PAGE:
So, as long as a parent or guardian reviews the state assessment and provides a written statement providing his/her written objection for religious purposes (however vague that objection may be), the child must be excused from the assessment. PDE will not provide an opinion as to what is a proper religious objection.
  
This false statement, and other similar false statements have been given to parents from their school districts:
The Pennsylvania Department of Education has made it clear that any objection to the testing materials for religious reasons must be specific in nature, must note the specific question or questions that are objectionable and the specific, religious reason for your objection. Please note a general statement of religious objection does not meet the intention of this review and will not be considered for possible exemption.
 2.  My child is opted out of the PSSA testing, what will they do while their classmates are taking the PSSA's?

According to the Pennsylvania Department of Education (PDE) on page 9 of the PSSA Handbook. :
If the student is excused from the assessment due to parental or guardian request, school personnel must provide an alternative learning environment for the student during the assessment and select “Student had a parental request for exclusion from the assessment."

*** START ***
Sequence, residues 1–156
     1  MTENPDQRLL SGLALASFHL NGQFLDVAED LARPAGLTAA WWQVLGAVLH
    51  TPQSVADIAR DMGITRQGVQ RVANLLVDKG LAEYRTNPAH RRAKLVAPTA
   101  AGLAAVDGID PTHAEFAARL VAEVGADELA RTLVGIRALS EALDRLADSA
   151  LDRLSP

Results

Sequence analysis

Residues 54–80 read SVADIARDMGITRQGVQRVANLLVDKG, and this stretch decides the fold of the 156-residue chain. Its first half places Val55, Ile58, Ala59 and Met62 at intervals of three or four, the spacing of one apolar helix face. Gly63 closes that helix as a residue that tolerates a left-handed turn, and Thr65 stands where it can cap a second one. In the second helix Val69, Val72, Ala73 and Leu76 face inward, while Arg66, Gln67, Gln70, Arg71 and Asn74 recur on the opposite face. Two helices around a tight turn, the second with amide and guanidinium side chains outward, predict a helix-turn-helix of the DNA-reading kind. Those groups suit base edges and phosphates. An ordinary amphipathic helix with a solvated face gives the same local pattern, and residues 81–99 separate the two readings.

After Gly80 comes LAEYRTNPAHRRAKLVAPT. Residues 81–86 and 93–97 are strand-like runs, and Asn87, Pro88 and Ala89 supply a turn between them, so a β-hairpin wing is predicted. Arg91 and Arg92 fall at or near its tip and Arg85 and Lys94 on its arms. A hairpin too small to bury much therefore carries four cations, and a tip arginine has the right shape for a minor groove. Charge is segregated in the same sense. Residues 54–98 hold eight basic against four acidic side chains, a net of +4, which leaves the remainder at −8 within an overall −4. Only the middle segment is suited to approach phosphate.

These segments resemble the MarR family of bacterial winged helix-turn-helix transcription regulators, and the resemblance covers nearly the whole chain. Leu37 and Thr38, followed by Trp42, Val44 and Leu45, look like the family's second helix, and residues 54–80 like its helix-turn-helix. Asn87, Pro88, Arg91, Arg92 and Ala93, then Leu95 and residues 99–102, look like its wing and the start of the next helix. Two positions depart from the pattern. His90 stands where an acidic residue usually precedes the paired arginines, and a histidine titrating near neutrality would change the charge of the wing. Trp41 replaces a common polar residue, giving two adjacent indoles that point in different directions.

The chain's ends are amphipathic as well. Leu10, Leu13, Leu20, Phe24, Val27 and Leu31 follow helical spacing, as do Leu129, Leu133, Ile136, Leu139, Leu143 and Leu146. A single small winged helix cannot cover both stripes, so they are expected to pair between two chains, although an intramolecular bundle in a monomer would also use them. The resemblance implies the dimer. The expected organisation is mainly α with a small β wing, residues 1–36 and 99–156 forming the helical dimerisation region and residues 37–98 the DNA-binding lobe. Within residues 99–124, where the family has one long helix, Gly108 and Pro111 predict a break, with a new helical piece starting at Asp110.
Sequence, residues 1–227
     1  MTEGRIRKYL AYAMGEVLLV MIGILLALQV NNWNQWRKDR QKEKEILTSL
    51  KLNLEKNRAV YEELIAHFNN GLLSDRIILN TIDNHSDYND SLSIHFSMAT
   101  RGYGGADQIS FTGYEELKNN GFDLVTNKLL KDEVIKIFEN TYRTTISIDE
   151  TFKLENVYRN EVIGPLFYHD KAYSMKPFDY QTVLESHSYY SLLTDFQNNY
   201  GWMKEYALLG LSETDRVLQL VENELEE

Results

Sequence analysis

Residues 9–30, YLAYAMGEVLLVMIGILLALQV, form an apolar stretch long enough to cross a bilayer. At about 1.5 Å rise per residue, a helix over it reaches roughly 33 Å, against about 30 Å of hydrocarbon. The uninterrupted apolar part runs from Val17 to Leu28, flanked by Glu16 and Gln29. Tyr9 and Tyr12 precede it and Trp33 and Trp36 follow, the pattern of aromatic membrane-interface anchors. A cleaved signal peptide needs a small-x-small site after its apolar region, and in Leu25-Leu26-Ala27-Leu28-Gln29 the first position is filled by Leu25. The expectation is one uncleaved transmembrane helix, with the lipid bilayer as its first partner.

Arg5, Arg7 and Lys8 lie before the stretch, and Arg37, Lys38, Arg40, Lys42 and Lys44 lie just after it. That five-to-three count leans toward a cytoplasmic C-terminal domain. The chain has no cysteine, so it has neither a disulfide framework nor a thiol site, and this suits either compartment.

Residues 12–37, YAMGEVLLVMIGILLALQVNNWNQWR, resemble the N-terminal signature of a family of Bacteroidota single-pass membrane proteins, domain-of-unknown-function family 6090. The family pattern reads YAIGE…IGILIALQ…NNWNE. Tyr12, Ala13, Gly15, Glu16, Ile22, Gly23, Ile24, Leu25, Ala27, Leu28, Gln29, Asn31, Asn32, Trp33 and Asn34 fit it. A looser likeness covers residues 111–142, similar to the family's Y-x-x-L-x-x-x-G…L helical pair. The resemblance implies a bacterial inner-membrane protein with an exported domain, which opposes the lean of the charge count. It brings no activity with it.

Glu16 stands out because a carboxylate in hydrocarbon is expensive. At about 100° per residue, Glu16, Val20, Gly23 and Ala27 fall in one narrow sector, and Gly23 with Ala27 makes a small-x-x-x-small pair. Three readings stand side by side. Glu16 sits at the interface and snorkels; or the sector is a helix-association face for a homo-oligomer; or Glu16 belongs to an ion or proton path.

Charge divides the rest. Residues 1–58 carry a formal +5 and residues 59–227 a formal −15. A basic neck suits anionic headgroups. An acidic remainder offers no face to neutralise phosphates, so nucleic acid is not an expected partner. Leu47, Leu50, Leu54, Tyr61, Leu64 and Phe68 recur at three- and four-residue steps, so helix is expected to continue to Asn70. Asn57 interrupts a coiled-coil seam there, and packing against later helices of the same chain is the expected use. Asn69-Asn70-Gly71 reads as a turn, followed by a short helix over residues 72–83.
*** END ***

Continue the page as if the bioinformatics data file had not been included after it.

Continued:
3.  When can I schedule to review the PSSA?  My school district has offered limited hours which makes it difficult for me to schedule a time to review.  

From page 9 of the 2015 PSSA Handbook for Assessment Coordinators:
Districts must provide a convenient time for the review. This may include an evening review time, if requested.




Tuesday, March 8, 2016

PDE Clarification on SB 880


Subject: Penn*Link FAQ: Clarification of Senate Bill 880 Impact on Schools

* DUE TO SOME SCHOOL DISTRICTS NOT RECEIVING HTML FORMATTED PennLinks, WE ARE SENDING THIS OUT IN BOTH FORMATS (HTML and PLAIN TEXT)*

Pennsylvania Department of Education
Bureau of Curriculum, Assessment and Instruction
March 7, 2016
Penn*Link Message

To:    School Districts
    Career and Technical Centers
    Charter Schools
    Private and Non-Public Schools
    Intermediate Units
    PaTTAN
    Higher Education Institutions

From:    Jean Inskip, Director
 
Re:    FAQ: Clarification of Senate Bill 880 Impact on Schools

On February 3, 2016, Governor Wolf signed Senate Bill 880 into law. In addition to delaying the use of Keystone Exams or the Project Based Assessments as graduation requirements until the 2018-2019 school year, the Pennsylvania Department of Education (PDE) has been charged with the following:

- Implement alternative methods for students to demonstrate proficiency for graduation in addition to the Keystone Exams, Project Based Assessment and other alternative assessments provided for in 22 Pa. Code § 4.24.
- Improve and expedite the evaluation of Project Based Assessments.
- Ensure that no student is prohibited from participation in vocational-technical education or elective courses or programs as a result of supplemental instruction as required in § 22 Pa. Code §§ 4.24 (k) and 4.51B (f).